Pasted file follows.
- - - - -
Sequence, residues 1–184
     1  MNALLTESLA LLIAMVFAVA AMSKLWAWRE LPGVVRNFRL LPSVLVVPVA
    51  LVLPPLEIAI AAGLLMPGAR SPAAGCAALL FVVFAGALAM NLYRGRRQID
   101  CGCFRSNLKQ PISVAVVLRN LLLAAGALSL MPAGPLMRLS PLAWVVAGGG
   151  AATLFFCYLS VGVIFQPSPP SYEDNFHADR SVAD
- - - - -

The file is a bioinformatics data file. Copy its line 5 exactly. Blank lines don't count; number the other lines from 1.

   151  AATLFFCYLS VGVIFQPSPP SYEDNFHADR SVAD